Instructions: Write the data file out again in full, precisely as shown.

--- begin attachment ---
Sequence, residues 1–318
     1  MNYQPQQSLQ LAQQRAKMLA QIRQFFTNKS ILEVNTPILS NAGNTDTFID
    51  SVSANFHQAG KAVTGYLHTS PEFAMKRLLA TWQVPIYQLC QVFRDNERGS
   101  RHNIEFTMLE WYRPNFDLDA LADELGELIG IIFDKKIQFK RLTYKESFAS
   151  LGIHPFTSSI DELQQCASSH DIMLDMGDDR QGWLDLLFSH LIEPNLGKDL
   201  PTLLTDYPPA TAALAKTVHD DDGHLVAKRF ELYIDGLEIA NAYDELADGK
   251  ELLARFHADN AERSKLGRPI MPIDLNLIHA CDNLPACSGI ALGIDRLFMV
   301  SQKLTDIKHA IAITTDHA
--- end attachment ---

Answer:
Sequence, residues 1–318
     1  MNYQPQQSLQ LAQQRAKMLA QIRQFFTNKS ILEVNTPILS NAGNTDTFID
    51  SVSANFHQAG KAVTGYLHTS PEFAMKRLLA TWQVPIYQLC QVFRDNERGS
   101  RHNIEFTMLE WYRPNFDLDA LADELGELIG IIFDKKIQFK RLTYKESFAS
   151  LGIHPFTSSI DELQQCASSH DIMLDMGDDR QGWLDLLFSH LIEPNLGKDL
   201  PTLLTDYPPA TAALAKTVHD DDGHLVAKRF ELYIDGLEIA NAYDELADGK
   251  ELLARFHADN AERSKLGRPI MPIDLNLIHA CDNLPACSGI ALGIDRLFMV
   301  SQKLTDIKHA IAITTDHA